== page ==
The Kimathi Mafafo Collection.
Born 1984, Kimberley, Northern Cape, South Africa
Lives and works in Cape Town, South Africa
The daughter of Rocky Mafafo (artist) and Nonkala Mafafo (community clothing designer), Kimathi's father was her mentor, laying the foundation when taking her along to exhibitions where she would help him name and hang his art. He taught her the intricacies of balance in strokes and different mediums. Kim works with oil on large format canvas. She expresses the grandeur of Aziwe, the African woman.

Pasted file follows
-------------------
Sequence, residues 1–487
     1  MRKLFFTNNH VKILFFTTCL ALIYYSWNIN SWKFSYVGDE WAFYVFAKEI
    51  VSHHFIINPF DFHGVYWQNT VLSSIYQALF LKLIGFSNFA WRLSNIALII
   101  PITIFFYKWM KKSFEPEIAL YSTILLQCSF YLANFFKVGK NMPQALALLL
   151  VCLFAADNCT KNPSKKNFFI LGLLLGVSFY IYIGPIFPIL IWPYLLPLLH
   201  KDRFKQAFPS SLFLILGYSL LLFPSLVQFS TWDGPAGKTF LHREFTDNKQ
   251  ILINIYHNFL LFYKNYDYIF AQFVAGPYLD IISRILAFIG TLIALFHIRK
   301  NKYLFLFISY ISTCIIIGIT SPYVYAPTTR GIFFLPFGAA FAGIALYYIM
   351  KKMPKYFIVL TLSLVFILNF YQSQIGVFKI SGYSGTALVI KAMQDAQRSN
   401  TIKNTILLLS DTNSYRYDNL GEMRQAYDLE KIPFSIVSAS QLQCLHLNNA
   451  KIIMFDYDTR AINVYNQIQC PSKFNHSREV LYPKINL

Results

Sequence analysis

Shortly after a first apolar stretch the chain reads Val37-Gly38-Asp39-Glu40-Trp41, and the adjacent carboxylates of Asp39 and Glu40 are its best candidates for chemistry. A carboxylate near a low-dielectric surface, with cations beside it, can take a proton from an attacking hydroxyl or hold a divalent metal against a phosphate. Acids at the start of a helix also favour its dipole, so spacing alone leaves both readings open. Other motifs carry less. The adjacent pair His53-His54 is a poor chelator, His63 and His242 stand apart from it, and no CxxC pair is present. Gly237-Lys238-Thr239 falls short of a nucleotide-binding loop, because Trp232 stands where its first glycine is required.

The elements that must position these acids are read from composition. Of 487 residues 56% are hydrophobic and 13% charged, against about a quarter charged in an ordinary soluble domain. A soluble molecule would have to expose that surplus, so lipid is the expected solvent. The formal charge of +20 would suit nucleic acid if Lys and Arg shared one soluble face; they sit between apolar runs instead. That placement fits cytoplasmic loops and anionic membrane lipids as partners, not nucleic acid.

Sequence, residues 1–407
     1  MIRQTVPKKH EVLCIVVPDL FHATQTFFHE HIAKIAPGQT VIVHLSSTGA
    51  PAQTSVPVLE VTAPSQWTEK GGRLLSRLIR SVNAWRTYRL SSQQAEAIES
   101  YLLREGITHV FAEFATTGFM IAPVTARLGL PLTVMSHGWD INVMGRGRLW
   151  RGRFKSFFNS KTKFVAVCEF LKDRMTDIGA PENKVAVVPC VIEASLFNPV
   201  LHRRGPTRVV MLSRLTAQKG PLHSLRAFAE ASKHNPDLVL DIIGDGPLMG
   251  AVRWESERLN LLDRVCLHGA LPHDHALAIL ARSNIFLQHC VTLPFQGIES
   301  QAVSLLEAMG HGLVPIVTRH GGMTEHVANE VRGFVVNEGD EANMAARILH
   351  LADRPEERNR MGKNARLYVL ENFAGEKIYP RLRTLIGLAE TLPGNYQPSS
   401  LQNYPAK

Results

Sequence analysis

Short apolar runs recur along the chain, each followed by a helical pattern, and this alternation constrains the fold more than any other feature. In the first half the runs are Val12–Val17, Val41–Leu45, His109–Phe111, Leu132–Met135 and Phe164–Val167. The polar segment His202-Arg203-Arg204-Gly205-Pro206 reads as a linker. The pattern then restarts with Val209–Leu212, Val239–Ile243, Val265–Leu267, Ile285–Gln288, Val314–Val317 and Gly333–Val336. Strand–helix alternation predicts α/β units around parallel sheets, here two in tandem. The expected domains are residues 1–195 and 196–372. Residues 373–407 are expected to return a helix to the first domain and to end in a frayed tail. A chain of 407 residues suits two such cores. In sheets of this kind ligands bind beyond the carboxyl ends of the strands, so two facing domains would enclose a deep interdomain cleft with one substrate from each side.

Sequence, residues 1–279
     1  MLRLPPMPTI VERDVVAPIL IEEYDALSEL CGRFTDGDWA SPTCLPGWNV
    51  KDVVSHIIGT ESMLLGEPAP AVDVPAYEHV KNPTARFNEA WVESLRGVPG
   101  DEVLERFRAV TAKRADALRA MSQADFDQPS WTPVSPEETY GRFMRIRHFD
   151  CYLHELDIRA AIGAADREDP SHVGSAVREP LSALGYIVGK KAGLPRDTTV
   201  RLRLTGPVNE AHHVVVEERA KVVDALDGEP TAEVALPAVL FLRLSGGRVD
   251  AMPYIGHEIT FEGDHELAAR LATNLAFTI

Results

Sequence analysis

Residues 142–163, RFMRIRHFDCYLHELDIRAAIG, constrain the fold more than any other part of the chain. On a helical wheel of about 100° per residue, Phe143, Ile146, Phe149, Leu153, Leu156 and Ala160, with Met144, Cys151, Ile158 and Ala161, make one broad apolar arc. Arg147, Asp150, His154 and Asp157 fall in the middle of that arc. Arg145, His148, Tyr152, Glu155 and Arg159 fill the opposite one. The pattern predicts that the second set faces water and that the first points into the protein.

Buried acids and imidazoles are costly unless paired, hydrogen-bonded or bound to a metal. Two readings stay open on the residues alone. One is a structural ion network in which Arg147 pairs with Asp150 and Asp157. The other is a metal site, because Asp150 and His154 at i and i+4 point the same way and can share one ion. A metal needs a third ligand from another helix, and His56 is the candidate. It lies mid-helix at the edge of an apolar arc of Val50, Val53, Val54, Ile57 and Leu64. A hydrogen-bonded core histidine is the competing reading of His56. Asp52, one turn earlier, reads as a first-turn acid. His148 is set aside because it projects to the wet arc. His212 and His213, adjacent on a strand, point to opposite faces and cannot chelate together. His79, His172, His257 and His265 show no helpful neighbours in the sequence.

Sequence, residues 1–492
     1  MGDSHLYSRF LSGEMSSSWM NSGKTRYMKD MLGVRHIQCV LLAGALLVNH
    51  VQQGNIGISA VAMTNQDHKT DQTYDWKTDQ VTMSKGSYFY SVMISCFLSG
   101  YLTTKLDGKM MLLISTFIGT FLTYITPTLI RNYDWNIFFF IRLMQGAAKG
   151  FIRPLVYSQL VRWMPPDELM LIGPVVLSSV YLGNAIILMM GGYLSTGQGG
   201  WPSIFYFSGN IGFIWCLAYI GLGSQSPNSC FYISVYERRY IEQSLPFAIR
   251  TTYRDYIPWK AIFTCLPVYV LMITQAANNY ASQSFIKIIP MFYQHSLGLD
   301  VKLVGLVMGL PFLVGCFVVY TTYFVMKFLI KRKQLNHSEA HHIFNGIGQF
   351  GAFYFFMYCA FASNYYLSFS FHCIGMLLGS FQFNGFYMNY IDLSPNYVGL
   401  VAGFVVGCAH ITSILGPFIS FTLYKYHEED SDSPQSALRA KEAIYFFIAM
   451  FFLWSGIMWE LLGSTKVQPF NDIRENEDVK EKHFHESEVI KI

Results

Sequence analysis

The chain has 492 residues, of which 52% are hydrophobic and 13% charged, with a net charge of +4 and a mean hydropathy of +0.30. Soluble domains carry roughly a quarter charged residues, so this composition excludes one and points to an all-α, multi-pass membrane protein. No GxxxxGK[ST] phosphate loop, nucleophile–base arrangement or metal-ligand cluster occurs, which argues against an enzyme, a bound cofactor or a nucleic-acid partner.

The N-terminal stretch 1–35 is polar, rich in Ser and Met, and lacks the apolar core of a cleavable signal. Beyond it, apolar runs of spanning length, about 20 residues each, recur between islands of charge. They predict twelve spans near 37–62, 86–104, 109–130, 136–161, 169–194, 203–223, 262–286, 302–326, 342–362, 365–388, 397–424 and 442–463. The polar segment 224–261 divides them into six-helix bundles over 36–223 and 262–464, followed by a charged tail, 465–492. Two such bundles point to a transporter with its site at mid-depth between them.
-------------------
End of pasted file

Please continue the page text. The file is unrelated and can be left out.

Kimathi Mafafo’s African woman is not iconic. Her take on a European painting tradition is not derivative. What we are asked to appreciate is a cherished ideal which, historically, has been denied to women – sacrosanct privacy, self-determination & liberty.
She draws inspiration from Virginia Woolf forceful reminder of this in A Room of One’s Own, as did Mary Wollstonecraft a century before in A Vindication of the Rights of Woman.
Mafafo's African woman is the young Miriam Makeba, or the young Winnie Mandela. Women who were denied the right to privacy, self-determination and liberty. In order to achieve these things, they were forced to leave their country and sacrifice much.
Forced to withdraw. It is the principle of 'withdrawnness', of solitude, which sits behind Mafafo’s cycle of work. She seeks nothing other than the sanctity of confident, secure, solitude.